Heeding the imperative to provide its main allies with access to its mineral resources, the People’s Council of Syria ratified three oil field development agreements in December 2019, just as Donald Trump was signing the Caesar Act. These agreements were concluded between the Ministry of Petroleum and Mineral Resources and Mercury Limited (units and 19) and Velada (unit 23). Since little is known about these companies, it was speculated that they are a front for an entrepreneur with ties to the Kremlin. In an attempt to maintain a balance between Moscow and Tehran, the Syrian parliament opened discussions in May on giving unit 12 near Abu Kamal to the Iranians as partial repayment of loans received from Iran in 2013–2019. A new military agreement with Iran was signed in Damascus on July 8, 2020. Adviser to the President of Syria Bouthaina Shaaban called it the first step to defeating the Caesar Act.
The Syrian Government’s Dialogue with Kurds
Despite the fact that the Syrian government does not recognize the Autonomous Administration of North and East Syria, it did not interrupt its commercial and economic contacts with the Kurds. In June, the government approved an increase in the purchase price of wheat from SYP 225 to SYP 400 per kilogram, as opposed to SYP 315 per kilogram paid by the local authorities, in order to purchase maximum amounts of wheat in Jazira (in the north-eastern Al-Hasakah Governorate) known as Syria’s “grain stores.” This showed that Damascus was ready to restore economic ties before the political settlement of the Kurdish problem had been achieved.
The EU’s Stance on the Caesar Act
Much will depend on the stance that Europe takes on the Caesar Act, and this is a complicated matter. In May, Brussels once again extended its sanctions against Syria for another year. On the other hand, Europe is debating adjusting its approaches to the Syrian reconstruction effort. The German expert Muriel Asseburg notes that the European Union’s consolidated standing is eroded by differences between the United Kingdom, Germany and France on the one hand, as they favour preserving the hard-line approach, and Austria, Hungary, Italy and Poland on the other, as they are ready to expand their economic presence in “al-Assad’s Syria.” The proposal is to become involved in the reconstruction effort in the areas controlled by the authorities, thus raising living standards under the slogan of “sustainable stabilization” and refraining from completely normalizing relations with Damascus.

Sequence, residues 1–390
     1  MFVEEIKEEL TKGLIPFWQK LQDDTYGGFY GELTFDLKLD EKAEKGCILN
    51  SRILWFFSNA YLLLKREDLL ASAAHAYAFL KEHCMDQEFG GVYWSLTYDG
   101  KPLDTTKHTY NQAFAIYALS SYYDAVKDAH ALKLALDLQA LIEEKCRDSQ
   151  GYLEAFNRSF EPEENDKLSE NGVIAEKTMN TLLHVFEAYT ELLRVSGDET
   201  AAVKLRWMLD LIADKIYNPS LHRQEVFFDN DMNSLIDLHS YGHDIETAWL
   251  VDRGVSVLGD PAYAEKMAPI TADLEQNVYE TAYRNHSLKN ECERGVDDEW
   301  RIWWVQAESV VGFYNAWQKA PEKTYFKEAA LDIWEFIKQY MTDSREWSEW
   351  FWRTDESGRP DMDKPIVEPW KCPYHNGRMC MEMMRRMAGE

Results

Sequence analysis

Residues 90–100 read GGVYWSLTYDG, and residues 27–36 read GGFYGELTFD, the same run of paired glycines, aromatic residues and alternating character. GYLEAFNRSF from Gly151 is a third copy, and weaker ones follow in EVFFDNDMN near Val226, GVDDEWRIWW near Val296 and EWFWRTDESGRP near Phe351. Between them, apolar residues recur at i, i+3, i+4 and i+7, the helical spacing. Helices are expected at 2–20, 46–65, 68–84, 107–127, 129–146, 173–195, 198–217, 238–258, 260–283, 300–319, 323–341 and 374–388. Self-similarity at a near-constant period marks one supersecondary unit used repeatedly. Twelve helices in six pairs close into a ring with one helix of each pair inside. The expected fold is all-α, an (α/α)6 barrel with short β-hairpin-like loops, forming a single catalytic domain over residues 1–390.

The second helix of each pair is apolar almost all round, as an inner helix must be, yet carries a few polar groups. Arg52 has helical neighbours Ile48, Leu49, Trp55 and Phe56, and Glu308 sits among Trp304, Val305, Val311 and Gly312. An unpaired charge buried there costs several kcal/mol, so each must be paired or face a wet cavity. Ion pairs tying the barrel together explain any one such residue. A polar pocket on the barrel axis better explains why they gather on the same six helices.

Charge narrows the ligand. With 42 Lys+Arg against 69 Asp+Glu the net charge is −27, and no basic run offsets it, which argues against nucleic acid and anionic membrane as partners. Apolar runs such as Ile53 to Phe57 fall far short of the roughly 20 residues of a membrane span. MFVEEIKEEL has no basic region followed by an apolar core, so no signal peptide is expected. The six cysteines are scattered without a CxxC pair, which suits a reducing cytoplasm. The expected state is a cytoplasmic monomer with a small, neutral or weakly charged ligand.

To sum up, even though the Caesar Act is a challenge for Syria and its allies, there is real potential there for neutralizing its consequences through the mobilization of Syria’s internal reserves and strengthening economic cooperation with Russia.
From our partner RIAC
Post Trump Palestine
The unconditional United States’ political, financial and military support to Israel enabled the latter to occupy the Palestinian territories. The former became involved in Israeli-Palestinian conflict as an arbiter to resolve the issue. But the foreign policy of US has always remained tilt to Israeli interests. From recognizing Israel as sovereign state in 1947 to accepting Jerusalem as capital of Israel has clearly unearthed the biased attitude of US for Israel.